Greyhound racing sponsors abandon the industry: Lessons in disassociating your brand

Greyhound racing sponsors abandon the industry: Lessons in disassociating your brand

One of greyhound racing’s biggest sponsors has pulled its sponsorship following the live baiting scandal exposed in this week’s Four Corners investigation.

Macro Meats Gourmet Game has pulled its sponsorship from all greyhound racing in Australia.

The meat company was the largest sponsor of South Australian racing last year and has had long associations with greyhound racing in Queensland, New South Wales and Victoria.

Managing director Ray Borda told Fairfax he was sickened by the activities exposed in the television program.

“It’s not just a business decision, it’s a personal decision,” he said.

“I’m as appalled as everybody else. A clear message has to be put through that change has to occur.

Borda said Macro Meats was associated with the greyhounds “as a good family sport” and once it changed from that, it was pulling its sponsorship.

But Borda said Macro Meats could eventually return to greyhound sponsorship.

“You never say never,” he said.

In further fallout from the scandal the entire board of Greyhound Racing NSW has been dismissed.  

Independent brand analyst and regular SmartCompany blogger Michel Hogan says she is not surprised sponsors are abandoning the greyhound industry, in particular Macro Meats.

“Of all the companies you would think that would not want to be associated with it would be a company that basically sells dead animal meat,” she says.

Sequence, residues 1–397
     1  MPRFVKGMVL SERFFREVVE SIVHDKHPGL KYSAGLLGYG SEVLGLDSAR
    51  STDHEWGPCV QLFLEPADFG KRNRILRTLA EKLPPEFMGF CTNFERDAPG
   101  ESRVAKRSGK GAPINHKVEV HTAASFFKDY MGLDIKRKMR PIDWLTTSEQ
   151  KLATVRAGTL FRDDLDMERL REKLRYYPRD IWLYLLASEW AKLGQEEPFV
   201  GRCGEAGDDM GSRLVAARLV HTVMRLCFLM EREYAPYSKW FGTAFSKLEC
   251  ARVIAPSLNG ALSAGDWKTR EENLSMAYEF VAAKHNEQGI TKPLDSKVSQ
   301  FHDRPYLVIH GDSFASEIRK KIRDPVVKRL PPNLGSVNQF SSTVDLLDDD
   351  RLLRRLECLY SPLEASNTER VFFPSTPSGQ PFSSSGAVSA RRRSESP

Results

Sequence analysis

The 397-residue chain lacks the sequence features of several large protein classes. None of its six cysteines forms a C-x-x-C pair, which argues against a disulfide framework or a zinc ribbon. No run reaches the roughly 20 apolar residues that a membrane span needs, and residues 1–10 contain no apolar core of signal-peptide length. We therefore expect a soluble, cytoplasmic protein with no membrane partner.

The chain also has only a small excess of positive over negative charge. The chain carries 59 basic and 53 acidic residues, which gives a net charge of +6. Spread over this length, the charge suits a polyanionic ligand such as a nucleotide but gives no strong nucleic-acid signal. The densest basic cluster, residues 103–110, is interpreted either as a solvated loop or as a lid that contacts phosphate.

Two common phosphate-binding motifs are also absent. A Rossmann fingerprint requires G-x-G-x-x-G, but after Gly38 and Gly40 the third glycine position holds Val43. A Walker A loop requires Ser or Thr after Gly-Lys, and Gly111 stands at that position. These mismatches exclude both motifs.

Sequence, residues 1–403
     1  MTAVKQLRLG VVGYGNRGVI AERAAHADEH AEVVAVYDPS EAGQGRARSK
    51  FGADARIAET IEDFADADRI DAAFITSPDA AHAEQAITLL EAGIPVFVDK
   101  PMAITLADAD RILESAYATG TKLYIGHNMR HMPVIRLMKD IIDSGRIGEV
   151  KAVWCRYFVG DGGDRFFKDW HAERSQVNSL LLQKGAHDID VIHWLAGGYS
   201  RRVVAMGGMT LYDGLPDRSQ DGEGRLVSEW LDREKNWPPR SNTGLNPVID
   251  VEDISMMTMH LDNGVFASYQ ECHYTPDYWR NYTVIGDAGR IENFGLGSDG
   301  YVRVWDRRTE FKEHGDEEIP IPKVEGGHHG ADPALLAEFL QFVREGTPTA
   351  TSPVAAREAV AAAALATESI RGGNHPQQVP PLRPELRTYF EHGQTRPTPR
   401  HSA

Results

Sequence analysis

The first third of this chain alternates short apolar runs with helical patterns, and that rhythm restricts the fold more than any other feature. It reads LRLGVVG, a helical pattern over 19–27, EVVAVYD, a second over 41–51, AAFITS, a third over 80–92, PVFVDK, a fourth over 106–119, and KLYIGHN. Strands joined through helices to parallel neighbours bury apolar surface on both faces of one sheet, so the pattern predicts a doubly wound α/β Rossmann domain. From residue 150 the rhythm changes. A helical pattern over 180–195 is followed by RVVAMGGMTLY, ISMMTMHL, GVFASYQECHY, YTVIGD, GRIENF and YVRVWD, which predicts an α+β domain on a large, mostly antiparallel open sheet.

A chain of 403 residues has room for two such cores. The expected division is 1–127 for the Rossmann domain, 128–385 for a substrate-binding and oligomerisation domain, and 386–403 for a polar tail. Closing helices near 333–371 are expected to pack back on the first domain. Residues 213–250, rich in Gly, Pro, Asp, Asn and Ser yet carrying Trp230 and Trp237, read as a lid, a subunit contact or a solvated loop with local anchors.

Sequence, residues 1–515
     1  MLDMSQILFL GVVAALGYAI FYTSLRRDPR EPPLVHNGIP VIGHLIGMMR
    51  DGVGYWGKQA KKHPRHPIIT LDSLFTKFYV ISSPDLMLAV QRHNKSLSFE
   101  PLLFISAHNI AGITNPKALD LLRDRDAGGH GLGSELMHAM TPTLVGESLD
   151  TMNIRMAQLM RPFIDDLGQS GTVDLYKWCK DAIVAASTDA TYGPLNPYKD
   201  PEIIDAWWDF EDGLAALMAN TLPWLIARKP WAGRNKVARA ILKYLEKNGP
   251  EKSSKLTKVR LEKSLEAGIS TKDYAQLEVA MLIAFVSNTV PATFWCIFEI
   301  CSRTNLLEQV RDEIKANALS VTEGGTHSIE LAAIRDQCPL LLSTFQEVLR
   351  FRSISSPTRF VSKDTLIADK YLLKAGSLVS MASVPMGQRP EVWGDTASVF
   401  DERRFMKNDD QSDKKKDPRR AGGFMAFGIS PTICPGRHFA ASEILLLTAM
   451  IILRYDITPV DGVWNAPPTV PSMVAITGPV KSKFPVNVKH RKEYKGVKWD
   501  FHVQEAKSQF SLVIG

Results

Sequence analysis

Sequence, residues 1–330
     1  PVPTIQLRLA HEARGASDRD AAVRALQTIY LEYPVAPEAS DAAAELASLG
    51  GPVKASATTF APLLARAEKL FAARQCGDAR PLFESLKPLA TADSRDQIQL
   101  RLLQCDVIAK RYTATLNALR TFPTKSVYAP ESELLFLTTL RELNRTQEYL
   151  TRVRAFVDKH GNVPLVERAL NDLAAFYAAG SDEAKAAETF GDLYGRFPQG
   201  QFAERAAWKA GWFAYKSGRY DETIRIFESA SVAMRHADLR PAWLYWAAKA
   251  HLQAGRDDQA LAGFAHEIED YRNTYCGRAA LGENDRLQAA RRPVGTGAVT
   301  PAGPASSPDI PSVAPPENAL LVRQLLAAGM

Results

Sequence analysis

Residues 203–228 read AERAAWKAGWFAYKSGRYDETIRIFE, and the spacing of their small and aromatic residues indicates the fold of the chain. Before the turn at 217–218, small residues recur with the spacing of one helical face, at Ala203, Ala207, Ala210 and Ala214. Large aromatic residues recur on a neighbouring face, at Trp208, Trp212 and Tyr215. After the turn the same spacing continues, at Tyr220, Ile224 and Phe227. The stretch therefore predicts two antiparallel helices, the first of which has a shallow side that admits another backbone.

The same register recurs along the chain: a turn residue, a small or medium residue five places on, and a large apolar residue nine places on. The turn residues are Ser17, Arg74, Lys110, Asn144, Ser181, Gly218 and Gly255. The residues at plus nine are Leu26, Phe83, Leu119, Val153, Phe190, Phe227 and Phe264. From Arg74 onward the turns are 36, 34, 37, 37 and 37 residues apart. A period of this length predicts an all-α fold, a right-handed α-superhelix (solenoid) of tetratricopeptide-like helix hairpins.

“I’m not sure about the sponsorship there in the first place from brand association.”

Hogan says she would be surprised if there are not other greyhound racing sponsors who are looking at whether to pull the pin on their association.

She says sponsorship involves a trade which businesses have to look at carefully.

“Greyhound racing is getting dollars from Macro Meats and Macro Meats is in exchange getting profile and exposure,” she says.

But after the live baiting scandal the balance in that trade is no longer there. 

“The exposure is now a negative so the trade has become inequitable,” Hogan says.

But Hogan says while “everyone has gone ballistic” over the scandal, the industry can recover.

“Things die down and move on,” she says.

“The greyhound industry seems to be fairly aggressively taking steps to limit the long-term damage, like firing the board. These things have a shelf life.”

SmartCompany contacted Borda and Macro Meats for comment but did not receive a response prior to publication. 

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